Learning organizational skills from video games
Since entering the professional world out of college in 2018, I have consistently found myself mildly overwhelmed by, well, pretty much everything. It has been a rollercoaster of new people, new challenges, and new skills to learn. And as someone with an anxiety disorder it has meant a whole host of new and exciting things to worry about. And, in addition to more conventional means of treating my anxiety, I’ve had to come up with some creative ways to adapt to specific situations, and for those, I tend to draw from what I know best.
And one thing that I’ve known very well for my entire life, is how to play video games.
Once I noticed myself subconsciously adapting my knowledge of video games to find solutions for problems at work, my first thought was, ‘Wow, I’m weird.” My second thought was, “okay, I have to flesh this out. My job is a video game now. What does that look like?’ and I started unfolding this comparison in my head, taking broad concepts of game design and applying them to my everyday routine at Posture.
So what type of video game is my job? I found the most applicable concepts came from Role-Playing Games (RPGs). RPGs, such as Fallout, Final Fantasy, or The Witcher, are designed to give players a sense of freedom and are usually full of characters to meet and items to collect. And most RPGs share a few key design staples, some of which I’ve found to be useful for keeping up with a fast-paced, collaborative work environment.
The most important aspect of any RPG is the quest, usually the main objective of the game. For me, quests are high-priority items: large-scale projects or tasks with tight deadlines. Other work, such as writing or answering emails, or making small revisions to a pre-existing project, fall under side-quests: lower-priority, but still important! I’ve also jokingly referred to my coworkers as quest-givers when they assign work to me.
Besides making even the simplest task sound way cooler, mentally sorting my work into quests and side-quests is a helpful way of keeping myself organized: what needs to be done, by when, and for who?
As a videographer, an ever-present part of my work is sorting through massive amounts of raw video files, most of which come out of the camera looking like this:
When dealing with a frustrating situation like this, I draw on another skill I learned from playing RPGs: inventory management.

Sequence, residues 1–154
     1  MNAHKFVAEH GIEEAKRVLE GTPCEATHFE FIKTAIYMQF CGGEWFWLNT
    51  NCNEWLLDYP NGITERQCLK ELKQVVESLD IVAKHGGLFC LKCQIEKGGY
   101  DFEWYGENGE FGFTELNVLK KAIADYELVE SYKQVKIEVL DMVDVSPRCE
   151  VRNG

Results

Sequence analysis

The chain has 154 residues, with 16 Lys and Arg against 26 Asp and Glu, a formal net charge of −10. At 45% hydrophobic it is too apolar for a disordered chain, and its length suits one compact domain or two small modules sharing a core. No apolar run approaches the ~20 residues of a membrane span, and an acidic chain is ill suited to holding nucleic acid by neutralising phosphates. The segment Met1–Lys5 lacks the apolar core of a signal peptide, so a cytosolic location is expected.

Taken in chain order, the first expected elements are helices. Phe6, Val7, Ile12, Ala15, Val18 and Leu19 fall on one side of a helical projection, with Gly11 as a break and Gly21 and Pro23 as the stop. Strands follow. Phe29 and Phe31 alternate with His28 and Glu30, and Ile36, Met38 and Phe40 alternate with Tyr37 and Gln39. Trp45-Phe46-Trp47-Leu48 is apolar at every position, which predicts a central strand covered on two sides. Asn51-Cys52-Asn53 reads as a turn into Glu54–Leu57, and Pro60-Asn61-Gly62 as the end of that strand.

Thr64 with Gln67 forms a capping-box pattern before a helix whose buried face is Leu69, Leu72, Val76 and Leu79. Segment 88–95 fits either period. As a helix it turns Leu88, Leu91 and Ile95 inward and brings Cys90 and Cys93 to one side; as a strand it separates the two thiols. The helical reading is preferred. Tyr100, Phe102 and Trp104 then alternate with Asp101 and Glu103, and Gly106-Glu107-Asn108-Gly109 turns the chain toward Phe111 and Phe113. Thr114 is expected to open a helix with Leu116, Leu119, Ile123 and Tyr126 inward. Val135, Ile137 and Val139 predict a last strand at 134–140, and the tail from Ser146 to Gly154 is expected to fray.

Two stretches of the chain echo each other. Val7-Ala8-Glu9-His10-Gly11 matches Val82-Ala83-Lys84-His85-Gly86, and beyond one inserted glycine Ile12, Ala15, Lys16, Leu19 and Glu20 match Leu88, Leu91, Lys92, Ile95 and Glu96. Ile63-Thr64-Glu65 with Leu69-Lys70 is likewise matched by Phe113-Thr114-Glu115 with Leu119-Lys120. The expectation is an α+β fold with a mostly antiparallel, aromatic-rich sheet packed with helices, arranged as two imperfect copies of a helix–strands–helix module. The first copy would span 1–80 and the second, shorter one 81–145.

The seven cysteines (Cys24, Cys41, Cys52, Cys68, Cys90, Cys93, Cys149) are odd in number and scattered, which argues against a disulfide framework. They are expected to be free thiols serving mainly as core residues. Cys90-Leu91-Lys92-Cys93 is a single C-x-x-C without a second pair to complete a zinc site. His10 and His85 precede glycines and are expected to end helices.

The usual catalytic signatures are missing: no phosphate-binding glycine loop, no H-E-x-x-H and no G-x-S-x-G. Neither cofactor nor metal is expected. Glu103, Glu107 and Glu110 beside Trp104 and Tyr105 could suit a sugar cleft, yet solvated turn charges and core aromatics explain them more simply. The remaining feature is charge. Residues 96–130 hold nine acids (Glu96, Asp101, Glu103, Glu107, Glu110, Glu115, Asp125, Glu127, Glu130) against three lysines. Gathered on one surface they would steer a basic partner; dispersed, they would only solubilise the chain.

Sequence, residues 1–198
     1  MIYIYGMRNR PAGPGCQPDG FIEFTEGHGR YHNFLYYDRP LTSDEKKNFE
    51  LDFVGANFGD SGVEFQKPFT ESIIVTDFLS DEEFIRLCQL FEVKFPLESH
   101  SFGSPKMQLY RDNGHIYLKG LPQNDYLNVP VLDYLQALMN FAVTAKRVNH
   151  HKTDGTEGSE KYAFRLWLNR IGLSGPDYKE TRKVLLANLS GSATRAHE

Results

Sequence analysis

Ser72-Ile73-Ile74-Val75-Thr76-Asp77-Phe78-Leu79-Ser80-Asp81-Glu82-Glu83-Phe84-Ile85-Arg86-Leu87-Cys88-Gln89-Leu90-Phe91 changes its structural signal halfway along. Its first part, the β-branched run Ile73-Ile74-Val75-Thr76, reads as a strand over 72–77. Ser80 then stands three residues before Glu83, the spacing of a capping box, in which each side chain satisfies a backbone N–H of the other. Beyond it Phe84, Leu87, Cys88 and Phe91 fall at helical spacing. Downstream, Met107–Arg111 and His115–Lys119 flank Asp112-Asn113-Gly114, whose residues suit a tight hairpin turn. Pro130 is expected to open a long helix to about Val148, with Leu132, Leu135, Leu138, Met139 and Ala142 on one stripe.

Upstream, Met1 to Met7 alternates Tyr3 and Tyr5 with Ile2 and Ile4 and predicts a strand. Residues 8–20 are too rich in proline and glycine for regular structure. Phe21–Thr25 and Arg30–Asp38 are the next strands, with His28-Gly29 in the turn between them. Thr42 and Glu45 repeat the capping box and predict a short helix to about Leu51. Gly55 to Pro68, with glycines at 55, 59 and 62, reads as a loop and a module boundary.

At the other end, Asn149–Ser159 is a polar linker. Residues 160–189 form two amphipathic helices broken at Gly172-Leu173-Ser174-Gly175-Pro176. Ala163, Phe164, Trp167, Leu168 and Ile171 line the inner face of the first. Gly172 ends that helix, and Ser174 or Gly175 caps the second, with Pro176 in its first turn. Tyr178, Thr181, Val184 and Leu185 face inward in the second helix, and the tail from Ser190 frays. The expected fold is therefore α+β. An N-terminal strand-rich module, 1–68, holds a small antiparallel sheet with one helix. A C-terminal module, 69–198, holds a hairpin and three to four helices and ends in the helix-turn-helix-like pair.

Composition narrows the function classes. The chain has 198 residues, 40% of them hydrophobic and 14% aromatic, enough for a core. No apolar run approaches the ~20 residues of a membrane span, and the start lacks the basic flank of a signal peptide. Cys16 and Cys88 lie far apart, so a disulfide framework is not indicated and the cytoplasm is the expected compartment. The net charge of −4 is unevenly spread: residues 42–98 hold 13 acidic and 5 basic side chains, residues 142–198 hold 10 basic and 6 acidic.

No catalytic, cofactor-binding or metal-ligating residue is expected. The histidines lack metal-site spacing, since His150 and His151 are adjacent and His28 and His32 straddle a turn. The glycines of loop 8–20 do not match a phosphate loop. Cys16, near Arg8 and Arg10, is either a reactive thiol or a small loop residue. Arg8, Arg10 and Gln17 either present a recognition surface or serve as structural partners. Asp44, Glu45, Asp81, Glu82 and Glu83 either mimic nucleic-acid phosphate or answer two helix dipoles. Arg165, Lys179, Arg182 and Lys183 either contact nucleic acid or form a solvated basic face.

Many RPGs include massive inventory systems: allowing the player to carry a wide variety of items while they determine what suits their style of play. However, inventory spaces are usually limited, which means that the player must manage their inventory by clearing or selling unwanted items to make room for new ones. Subsequently, this involves spending a lot of time in menus that look like this:
Basically, playing RPGs has made me feel right at home navigating a labyrinth of menus and sorting through bins of random items, and this has been very helpful when keeping track of a video project that is potentially linked to hundreds of individual files.
Video games have always been my means of escapism: they offer a sense of agency that cannot be matched by any other medium of entertainment. RPGs in particular, have always given me a profound sense of agency: they offer the player multiple ways to approach scenarios, and offer more choice and input than most types of video games. This control is obviously limited; the player cannot control the content of the game, but they can control how they play it.
As a single human I have limited control over the nature of the work that makes it to my desk, which can be an intimidating feeling. However, I do have control over the effort that I put into said work. So, in a roundabout way, playing video games has helped me acknowledge my sense of agency in the workplace, which has helped me cope with work anxiety and impostor syndrome.
What If I Know Nothing About Video Games?
That’s completely fine! I’m not saying that thinking about your work through the lens of gaming will definitely improve your workflow. If you’re not someone who frequently plays video games, it would probably just be confusing. However, don’t be afraid to think outside of the box and pull from areas you’re familiar with when it comes to overcoming challenges. If you are adjusting to a new job or even just a new situation that you feel intimidated by, use any and every piece of knowledge you have at your disposal, and you might find some fun, creative ways to tackle those challenges and make your work a little bit more fun in the process.